The context for today’s Gospel is the worsening situation between Jesus and the Jewish authorities. The first part of the Gospel today sees Jesus warn the crowds not to be like the hypocritical scribes in seeking honour and attention from others. Jesus denounces their hypocrisy of their false religious piety and warns that they will face a severe punishment.
Mark tells us that Jesus taught these things whilst in the vicinity of the Temple in Jerusalem. Jesus is seated opposite the treasury and watches as the people make their contributions to the temple treasury. The pilgrims visiting the Temple in Jerusalem would make offerings of prayer and sacrifice but were also expected to contribute financially to the temple treasury.
Jesus observes how the wealthy put into the treasury great sums whilst those less well-off made smaller contributions. Jesus then brings to the attention of those with him the contribution of a poor widow, two small coins of very little worth to others but to her, all that she had. The widow put in all that she had, whilst the wealthy put in what they had spare. Jesus commends the offering of the widow because hers was an act of profound generosity, giving from her livelihood rather than her surplus.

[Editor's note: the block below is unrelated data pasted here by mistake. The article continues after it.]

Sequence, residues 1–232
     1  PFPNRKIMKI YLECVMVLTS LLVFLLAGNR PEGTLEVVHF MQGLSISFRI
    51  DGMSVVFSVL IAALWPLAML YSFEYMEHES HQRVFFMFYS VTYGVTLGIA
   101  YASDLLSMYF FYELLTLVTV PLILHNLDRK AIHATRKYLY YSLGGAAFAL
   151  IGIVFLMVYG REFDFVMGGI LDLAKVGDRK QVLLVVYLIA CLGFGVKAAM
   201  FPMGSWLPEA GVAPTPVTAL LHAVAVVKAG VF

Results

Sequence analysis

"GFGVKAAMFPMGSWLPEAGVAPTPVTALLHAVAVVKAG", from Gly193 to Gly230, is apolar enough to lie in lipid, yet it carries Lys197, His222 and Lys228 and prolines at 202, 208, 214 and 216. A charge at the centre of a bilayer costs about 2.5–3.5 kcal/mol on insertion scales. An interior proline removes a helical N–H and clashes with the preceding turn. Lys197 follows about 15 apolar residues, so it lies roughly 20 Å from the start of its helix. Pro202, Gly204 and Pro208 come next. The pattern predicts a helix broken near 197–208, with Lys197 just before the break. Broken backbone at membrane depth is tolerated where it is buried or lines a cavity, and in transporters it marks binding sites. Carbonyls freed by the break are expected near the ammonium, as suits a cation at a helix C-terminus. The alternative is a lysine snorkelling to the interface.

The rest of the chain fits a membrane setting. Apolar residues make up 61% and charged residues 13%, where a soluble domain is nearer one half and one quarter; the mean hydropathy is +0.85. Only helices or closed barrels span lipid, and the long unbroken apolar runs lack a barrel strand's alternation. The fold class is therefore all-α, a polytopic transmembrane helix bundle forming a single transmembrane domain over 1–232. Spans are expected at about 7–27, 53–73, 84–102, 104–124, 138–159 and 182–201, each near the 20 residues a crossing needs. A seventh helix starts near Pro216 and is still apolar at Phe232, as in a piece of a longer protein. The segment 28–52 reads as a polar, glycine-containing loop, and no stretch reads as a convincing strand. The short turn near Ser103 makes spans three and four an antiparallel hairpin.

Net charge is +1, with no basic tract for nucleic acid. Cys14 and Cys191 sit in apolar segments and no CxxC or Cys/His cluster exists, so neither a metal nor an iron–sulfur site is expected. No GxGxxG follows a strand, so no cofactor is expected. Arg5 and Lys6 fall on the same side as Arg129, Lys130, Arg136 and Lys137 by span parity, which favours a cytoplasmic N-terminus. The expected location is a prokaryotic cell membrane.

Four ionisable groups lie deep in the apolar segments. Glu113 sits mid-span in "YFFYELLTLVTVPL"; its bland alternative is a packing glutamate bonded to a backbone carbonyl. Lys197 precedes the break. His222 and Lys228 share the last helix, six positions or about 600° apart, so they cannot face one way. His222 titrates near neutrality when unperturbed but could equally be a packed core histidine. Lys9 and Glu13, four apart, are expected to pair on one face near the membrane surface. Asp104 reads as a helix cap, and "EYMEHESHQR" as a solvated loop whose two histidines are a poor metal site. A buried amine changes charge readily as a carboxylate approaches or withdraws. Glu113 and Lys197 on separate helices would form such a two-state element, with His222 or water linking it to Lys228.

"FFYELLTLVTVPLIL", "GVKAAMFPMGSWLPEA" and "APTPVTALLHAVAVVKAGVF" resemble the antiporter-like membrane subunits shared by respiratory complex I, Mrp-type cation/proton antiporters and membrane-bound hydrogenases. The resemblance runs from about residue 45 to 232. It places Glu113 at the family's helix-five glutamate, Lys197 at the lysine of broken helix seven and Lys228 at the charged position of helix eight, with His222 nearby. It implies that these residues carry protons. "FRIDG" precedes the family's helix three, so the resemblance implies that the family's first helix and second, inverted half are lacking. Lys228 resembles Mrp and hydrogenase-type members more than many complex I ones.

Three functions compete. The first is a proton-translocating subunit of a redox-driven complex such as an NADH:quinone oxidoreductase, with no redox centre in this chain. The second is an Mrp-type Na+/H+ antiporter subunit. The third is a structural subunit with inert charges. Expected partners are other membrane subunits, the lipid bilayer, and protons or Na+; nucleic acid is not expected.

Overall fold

This showed a tremendous faith in God on the part of the widow. She gave all that she had trusting that God would provide for her. It is not about how much money we have or can give or spare. What matters to God is that we give with love and faith. This can be financial, or it may be our time.
Very often, when we ask ourselves how strong our faith is, we probably say that we have a strong faith. However, when tough times arrive, we then find that our faith is perhaps not as strong as we thought. We need to trust in God, we need to give everything we have in His service and trust that he will provide for us in good times and in bad. The treasury of faith will always be more valuable than any earthly treasury.